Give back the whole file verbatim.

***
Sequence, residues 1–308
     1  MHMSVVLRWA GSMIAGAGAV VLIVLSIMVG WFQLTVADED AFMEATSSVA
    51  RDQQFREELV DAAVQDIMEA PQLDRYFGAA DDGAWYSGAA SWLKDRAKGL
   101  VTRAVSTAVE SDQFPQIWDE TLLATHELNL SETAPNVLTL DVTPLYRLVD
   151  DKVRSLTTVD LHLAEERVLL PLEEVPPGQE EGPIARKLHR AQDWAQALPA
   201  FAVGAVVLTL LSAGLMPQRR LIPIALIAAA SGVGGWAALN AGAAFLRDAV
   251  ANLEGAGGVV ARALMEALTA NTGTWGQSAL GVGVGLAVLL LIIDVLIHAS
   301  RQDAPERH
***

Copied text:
Sequence, residues 1–308
     1  MHMSVVLRWA GSMIAGAGAV VLIVLSIMVG WFQLTVADED AFMEATSSVA
    51  RDQQFREELV DAAVQDIMEA PQLDRYFGAA DDGAWYSGAA SWLKDRAKGL
   101  VTRAVSTAVE SDQFPQIWDE TLLATHELNL SETAPNVLTL DVTPLYRLVD
   151  DKVRSLTTVD LHLAEERVLL PLEEVPPGQE EGPIARKLHR AQDWAQALPA
   201  FAVGAVVLTL LSAGLMPQRR LIPIALIAAA SGVGGWAALN AGAAFLRDAV
   251  ANLEGAGGVV ARALMEALTA NTGTWGQSAL GVGVGLAVLL LIIDVLIHAS
   301  RQDAPERH